Date of Graduation

Summer 2020

Degree

Master of Science in Geospatial Sciences

Department

Geography, Geology, and Planning

Committee Chair

Robert Pavlowsky

Keywords

Fluvial geomorphology, bed-load mobility, sediment transport, tracer experiments, urban streams

Subject Categories

Environmental Monitoring | Geology | Geomorphology | Hydrology | Sedimentology | Water Resource Management

Abstract

Predictions of bed-load mobility and transport in stream channels are useful for restoration and management purposes. This study uses native gravel tracers to determine transport distances for bed-load in an urban stream in the Ozark Highlands. The objectives of this project are to: (i) determine downstream transport distances of painted tracers of different sizes over a range of flow conditions; (ii) evaluate the influence of channel morphology and thalweg location on transport; and (iii) compare field results to those predicted by mobility equations. The study site is located on South Creek, which drains Springfield, Missouri. The study reach is 132 m long and averages 5.8 m wide with a confining bank height of 1.5 m. A USGS discharge gage (#07052120, drainage area = 27.2 km2) is located 80 m above the study reach. Painted tracers of four sizes were released at pool, glide, and riffle locations along the channel bed with intermediate diameters based on pebble count survey results as follows: D50, 16-22.6 mm; D75, 22.6-32 mm; D84, 32-45 mm; and D90, 45-64 mm. As expected, higher flows resulted in a higher percent and larger distance of tracer movement. After a 7-year recurrence interval flood, 71% of tracers were either carried out of the study reach or buried in bar deposits. However, no tracers were found downstream with some later found after other flow events, suggesting that the tracers were most likely buried in bar deposits either within the study reach or beyond it. Overall, the riffle location and mid-channel deployment points produced the highest percentage of sediment mobility. Annual transport distances were estimated as follows: D50, 306 m; D75, 170 m; D84, 87 m; and D90, 39 m. Observed mobility trends validated the use of Shield’s and Wolman’s equations for the estimation of bed- load mobility and transport.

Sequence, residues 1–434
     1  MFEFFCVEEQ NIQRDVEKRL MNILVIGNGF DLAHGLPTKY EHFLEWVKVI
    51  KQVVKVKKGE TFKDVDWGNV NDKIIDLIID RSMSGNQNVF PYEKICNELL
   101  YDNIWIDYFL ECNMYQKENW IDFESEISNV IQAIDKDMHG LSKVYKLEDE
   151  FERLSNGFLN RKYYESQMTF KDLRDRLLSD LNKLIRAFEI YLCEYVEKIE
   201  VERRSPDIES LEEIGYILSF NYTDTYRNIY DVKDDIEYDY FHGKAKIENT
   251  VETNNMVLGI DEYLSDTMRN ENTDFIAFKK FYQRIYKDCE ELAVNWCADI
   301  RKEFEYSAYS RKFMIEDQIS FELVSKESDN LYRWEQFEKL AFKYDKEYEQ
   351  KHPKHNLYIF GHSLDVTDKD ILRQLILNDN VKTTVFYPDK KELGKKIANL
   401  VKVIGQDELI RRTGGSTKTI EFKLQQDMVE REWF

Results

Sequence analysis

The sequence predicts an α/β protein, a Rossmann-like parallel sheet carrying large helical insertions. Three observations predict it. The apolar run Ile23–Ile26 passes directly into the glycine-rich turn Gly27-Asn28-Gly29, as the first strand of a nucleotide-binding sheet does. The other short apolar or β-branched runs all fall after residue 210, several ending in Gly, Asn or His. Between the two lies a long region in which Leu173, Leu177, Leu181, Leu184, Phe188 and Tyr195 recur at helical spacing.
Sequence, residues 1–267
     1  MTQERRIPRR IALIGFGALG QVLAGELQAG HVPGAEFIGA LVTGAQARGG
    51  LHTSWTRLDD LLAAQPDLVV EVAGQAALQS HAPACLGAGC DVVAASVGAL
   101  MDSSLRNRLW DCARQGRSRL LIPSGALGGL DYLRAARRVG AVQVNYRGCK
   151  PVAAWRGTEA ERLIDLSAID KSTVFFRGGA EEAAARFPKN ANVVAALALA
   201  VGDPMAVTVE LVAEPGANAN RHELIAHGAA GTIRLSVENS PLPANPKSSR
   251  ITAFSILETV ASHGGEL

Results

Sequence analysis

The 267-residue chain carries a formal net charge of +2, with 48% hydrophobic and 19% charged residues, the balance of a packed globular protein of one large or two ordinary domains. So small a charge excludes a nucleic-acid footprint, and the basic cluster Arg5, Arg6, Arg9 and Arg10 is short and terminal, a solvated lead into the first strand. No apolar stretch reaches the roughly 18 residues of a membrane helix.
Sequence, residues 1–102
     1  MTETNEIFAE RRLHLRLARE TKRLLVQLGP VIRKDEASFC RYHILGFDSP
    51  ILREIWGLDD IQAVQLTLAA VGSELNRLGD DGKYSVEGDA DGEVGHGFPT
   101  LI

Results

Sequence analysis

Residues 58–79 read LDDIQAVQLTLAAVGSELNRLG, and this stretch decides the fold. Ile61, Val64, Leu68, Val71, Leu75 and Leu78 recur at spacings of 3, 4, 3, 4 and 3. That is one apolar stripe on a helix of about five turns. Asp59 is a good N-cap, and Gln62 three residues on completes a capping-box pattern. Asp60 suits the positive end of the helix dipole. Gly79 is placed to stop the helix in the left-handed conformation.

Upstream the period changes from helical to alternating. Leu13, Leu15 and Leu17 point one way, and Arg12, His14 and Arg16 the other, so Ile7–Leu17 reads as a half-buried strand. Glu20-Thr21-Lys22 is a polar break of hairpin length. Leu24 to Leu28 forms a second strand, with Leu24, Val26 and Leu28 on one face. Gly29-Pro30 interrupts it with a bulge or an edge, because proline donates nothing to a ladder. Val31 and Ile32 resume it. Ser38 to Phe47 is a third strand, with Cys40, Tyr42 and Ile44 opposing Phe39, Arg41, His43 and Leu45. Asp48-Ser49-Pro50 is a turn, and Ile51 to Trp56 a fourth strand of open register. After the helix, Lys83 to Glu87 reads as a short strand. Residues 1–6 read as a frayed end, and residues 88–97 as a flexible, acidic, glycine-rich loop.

Copyright

© Kristen E. Breckenridge

Open Access

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